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Circulation. 2011 Nov 15;124(20):2264-74. doi: 10.1161/CIRCULATIONAHA.111.019893.

Atrial fibrillation pathophysiology: implications for management.

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  • 1Department of Medicine and Research Center, Montreal Heart Institute, Quebec, Canada.

Abstract

Atrial fibrillation (AF), the most common sustained cardiac arrhythmia, is an important contributor to population morbidity and mortality. An arrhythmia that is particularly common in the elderly, AF is growing in prevalence with the aging of the population. Our understanding of the basic mechanisms that govern AF occurrence and persistence has been increasing rapidly. This article reviews the basic pathophysiology of AF over a broad range of levels, touching on the tissue mechanisms that maintain the arrhythmia, the relationship between clinical presentation and basic mechanisms, ion channel and transporter abnormalities that lead to ectopic impulse formation, basic models and tissue determinants of reentry, ion channel determinants of reentry, the nature and roles of electric and structural remodeling, autonomic neural components, anatomic factors, interactions between atrial and ventricular functional consequences of AF, and the basic determinants of atrial thromboembolism. We then review the potential implications of the basic pathophysiology of the arrhythmia for its management. We first discuss consequences for improved rhythm control pharmacotherapy: targeting underlying conditions, new atrium-selective drug targets, new targets for focal ectopic source suppression, and upstream therapy aiming to prevent remodeling. We then review the implications of basic mechanistic considerations for rate control therapy, AF ablation, and the prevention of thromboembolic events. We conclude with some thoughts about the future of translational research related to AF mechanisms.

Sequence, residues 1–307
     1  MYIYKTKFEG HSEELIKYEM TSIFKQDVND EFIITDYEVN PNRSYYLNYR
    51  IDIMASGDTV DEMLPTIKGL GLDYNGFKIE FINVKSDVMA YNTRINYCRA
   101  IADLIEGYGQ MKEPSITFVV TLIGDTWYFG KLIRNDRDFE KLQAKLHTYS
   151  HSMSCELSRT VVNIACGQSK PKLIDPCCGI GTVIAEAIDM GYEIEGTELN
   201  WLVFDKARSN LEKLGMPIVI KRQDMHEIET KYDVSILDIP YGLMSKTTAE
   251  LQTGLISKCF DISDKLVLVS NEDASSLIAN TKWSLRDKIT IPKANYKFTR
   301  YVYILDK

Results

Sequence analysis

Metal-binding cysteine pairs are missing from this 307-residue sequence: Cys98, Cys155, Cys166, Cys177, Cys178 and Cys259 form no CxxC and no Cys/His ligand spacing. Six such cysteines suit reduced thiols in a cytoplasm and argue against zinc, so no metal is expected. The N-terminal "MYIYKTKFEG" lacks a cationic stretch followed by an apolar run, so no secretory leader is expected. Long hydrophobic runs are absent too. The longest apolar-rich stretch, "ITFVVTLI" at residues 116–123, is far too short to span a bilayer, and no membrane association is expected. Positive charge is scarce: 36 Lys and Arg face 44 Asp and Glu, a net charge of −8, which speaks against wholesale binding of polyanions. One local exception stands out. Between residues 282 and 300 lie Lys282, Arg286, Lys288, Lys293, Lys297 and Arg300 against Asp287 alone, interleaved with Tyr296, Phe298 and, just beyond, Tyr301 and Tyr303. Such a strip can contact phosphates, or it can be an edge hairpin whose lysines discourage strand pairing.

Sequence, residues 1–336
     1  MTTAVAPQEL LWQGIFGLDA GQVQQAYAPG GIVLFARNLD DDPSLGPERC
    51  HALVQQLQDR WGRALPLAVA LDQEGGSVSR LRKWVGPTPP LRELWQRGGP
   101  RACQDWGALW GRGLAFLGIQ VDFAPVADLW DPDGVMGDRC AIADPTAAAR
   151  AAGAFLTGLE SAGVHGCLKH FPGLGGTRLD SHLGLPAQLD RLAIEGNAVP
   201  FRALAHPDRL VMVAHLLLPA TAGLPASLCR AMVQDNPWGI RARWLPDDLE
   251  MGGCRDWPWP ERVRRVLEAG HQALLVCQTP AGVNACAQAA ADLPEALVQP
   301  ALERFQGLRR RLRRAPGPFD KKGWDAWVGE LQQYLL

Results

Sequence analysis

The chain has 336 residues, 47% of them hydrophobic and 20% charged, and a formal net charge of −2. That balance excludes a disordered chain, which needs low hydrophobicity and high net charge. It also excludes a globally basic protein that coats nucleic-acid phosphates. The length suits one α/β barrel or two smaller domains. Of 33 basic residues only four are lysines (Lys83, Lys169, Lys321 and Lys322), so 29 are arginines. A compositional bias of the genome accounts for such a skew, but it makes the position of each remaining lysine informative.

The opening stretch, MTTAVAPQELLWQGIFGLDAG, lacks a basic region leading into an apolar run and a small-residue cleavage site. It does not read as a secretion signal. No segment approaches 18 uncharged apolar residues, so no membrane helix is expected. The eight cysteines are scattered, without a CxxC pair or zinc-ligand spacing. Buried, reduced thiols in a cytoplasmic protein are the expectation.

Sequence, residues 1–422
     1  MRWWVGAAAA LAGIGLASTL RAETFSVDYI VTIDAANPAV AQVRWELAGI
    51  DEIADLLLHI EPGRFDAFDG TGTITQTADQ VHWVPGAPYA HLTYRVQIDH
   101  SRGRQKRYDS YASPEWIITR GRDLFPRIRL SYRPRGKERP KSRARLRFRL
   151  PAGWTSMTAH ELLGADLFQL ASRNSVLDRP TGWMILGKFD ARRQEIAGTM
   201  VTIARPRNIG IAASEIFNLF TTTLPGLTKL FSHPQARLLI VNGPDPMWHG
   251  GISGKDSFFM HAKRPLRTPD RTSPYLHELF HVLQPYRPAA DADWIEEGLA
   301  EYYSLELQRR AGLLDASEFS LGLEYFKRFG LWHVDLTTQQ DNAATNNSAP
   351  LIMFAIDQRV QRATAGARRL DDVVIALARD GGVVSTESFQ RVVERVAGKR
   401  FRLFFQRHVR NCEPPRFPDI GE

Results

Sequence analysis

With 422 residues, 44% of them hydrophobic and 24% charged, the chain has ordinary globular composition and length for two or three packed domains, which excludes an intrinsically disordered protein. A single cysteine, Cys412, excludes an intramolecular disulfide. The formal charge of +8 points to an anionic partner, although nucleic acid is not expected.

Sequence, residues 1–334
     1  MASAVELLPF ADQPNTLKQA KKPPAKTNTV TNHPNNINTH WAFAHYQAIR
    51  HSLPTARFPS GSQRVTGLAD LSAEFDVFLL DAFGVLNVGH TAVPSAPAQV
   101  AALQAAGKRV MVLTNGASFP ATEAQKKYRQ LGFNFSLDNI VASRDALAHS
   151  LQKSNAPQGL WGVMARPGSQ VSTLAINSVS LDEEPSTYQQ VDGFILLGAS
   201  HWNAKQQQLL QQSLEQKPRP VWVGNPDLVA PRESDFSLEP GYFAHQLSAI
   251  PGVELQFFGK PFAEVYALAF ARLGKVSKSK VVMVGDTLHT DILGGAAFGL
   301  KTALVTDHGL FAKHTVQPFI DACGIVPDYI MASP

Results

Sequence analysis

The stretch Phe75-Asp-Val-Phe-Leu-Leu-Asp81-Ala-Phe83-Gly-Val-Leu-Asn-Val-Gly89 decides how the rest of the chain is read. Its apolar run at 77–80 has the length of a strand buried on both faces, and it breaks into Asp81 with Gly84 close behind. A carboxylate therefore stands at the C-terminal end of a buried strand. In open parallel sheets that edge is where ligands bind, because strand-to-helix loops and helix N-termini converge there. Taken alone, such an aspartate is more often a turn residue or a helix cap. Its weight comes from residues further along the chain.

PMID:
22083148
[PubMed - indexed for MEDLINE]
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